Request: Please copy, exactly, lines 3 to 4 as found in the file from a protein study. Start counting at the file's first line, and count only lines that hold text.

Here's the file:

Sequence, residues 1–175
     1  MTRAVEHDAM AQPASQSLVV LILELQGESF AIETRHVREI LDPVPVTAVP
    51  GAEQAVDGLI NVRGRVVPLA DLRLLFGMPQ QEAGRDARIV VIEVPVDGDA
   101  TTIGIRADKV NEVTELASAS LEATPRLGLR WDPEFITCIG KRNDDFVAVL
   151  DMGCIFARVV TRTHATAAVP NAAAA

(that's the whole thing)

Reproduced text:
    51  GAEQAVDGLI NVRGRVVPLA DLRLLFGMPQ QEAGRDARIV VIEVPVDGDA
   101  TTIGIRADKV NEVTELASAS LEATPRLGLR WDPEFITCIG KRNDDFVAVL